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Löger: "Customs controls protect and safeguard cultural heritage" Ancient marble head and two statuettes from the Roman Empire handed over to Vienna's Kunsthistorisches Museum

Vienna (OTS) - In February last year, a mobile customs unit from the Linz Wels Customs Office succeeded in making an extraordinary seizure. In a passenger car travelling in the direction of Germany, customs officers found two statuettes wrapped in towels, as well as a marble head in a plastic bag. The items were confiscated by the Customs Office on the grounds of suspected smuggling of cultural treasures. Analysis by experts from the Kunsthistorisches Museum revealed that they were indeed well-preserved ancient originals from the period of the Roman Empire.

Attempting to defend himself, the driver informed the officers that he had acquired the items at the Naschmarkt in Vienna, an antiques and flea market, without obtaining a receipt, for a price of EUR 700. However, investigations by the Customs Office were able to refute the statements by the driver, which merely served as cover. The perpetrator was convicted of smuggling and, in addition to a monetary fine, also had to pay the costs of the proceedings. The ancient sculptures were confiscated and, in coordination with the Austrian Federal Monuments Office, were handed over to the Kunsthistorisches Museum for professional safekeeping.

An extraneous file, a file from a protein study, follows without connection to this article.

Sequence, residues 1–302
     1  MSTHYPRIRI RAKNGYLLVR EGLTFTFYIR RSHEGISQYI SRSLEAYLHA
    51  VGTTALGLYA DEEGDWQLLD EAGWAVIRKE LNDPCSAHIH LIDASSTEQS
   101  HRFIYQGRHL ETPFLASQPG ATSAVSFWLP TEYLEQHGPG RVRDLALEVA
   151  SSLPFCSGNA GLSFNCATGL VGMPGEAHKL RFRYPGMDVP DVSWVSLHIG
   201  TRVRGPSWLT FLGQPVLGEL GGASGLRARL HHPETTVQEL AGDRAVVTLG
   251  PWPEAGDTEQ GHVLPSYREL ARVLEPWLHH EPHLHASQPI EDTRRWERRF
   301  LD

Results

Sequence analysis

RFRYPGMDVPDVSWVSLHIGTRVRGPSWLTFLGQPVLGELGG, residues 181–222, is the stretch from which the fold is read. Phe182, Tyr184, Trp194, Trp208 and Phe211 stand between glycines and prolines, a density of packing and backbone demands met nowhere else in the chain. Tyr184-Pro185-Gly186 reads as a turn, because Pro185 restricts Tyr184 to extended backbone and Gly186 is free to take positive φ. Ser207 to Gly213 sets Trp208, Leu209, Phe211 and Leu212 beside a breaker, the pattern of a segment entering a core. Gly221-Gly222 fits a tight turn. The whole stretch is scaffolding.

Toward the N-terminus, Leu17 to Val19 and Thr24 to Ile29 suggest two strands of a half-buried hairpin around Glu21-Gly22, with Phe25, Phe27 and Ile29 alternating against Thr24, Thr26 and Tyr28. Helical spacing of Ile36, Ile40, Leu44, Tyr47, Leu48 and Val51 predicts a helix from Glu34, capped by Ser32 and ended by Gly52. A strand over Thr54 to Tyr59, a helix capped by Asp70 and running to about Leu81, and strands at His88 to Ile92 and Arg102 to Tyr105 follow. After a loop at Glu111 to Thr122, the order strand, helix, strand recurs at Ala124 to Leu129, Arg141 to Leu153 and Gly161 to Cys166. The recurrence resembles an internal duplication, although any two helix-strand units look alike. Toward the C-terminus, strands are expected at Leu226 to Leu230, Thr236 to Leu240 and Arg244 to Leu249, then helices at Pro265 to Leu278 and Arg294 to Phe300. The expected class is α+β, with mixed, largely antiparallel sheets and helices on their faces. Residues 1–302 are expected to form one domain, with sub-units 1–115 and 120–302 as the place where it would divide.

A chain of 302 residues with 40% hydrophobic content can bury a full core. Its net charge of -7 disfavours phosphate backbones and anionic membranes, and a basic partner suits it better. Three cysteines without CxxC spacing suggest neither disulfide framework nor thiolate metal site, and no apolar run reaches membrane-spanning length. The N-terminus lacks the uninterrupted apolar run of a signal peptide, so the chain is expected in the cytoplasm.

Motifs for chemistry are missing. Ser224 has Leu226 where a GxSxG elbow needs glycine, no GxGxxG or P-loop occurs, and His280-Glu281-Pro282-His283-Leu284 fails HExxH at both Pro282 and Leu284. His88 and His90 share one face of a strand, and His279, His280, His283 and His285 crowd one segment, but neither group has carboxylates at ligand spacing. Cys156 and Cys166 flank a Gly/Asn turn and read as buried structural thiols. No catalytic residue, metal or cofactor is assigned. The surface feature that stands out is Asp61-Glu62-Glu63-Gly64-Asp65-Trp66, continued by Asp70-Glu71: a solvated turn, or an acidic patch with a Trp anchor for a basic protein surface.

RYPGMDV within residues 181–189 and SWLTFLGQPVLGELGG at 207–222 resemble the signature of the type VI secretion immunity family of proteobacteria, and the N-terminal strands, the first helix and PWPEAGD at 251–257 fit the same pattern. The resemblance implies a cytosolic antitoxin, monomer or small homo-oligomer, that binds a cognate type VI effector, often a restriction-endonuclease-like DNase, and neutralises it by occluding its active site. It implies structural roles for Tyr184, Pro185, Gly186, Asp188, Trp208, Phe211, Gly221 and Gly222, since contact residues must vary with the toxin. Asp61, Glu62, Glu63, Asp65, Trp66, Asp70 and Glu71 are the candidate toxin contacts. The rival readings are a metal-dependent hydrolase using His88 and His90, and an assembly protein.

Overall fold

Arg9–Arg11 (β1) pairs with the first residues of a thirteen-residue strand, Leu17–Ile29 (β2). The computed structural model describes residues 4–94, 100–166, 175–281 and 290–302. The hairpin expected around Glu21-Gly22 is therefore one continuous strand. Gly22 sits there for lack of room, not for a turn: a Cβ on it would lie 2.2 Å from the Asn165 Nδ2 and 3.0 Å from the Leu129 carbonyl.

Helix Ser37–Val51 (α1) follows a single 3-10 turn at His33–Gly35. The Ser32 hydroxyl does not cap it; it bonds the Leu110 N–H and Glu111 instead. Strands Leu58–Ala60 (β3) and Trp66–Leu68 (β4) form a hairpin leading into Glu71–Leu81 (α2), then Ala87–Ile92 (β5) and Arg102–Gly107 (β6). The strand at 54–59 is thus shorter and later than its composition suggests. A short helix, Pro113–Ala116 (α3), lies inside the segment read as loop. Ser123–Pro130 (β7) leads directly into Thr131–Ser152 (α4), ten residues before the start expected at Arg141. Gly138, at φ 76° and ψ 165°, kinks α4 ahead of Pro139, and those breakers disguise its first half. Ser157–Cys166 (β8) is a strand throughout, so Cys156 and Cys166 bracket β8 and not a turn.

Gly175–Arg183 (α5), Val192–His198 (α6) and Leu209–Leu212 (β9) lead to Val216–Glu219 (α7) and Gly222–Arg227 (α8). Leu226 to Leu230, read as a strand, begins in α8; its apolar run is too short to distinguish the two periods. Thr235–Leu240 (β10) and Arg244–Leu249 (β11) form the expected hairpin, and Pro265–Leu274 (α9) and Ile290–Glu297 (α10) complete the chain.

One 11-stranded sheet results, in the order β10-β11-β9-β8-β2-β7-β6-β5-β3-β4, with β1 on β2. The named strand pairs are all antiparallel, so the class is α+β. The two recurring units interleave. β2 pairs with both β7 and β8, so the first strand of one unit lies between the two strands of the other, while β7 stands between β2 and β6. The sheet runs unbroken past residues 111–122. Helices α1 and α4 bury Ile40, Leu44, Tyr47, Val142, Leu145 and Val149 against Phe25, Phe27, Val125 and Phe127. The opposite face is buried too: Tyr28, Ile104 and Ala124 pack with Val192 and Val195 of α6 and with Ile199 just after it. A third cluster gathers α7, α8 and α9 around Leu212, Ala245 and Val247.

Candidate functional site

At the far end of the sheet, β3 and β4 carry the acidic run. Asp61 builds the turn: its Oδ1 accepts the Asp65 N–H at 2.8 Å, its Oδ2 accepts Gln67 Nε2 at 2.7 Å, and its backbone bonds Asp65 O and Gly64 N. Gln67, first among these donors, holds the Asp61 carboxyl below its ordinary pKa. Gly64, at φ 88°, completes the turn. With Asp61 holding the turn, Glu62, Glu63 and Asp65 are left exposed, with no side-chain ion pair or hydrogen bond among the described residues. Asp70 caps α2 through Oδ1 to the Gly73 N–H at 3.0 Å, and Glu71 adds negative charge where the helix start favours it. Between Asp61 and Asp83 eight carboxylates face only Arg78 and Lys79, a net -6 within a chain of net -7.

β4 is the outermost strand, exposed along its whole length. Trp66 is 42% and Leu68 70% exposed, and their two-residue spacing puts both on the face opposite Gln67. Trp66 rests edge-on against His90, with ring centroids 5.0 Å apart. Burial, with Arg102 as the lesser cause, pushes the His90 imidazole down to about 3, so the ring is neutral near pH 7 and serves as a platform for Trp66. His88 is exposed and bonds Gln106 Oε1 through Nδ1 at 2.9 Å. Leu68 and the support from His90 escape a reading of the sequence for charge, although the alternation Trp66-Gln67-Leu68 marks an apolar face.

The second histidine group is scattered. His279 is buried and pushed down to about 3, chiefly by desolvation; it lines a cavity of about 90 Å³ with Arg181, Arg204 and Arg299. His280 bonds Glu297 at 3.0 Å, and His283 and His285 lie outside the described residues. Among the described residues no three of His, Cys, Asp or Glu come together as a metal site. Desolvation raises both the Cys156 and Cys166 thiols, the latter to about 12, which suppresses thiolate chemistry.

"Customs controls are essential for the preservation and securing of cultural heritage," stressed Austrian Finance Minister Hartwig Löger, adding, "I am especially pleased that today, I am able to hand over the items seized to the Antiquities Collection at the Kunsthistorisches Museum. As a result, these cultural assets now have a secure home and will in future be accessible to interested members of the public."

"The Kunsthistorisches Museum collaborates in the fight against international trade in cultural assets in a long-standing partnership with the authorities. In particular, our extensive professional expertise in confiscated objects can make a decisive contribution to clarifying whether the items in question are original antiquities, and from what region a cultural asset could originate. Just last year, two ancient marble heads seized by customs were handed over to the Museum. A presentation of the sculptures is currently in preparation, and here, we will place a significant focus on the topic of protecting cultural treasures," explained Director-General Sabine Haag.

Handover of the sculptures took place today, Thursday, in the presence of Austrian Finance Minister Hartwig Löger and Sabine Haag, Director-General of the Kunsthistorisches Museum and associated institutions.

   Images in relation to this transmission may be found here Photo Album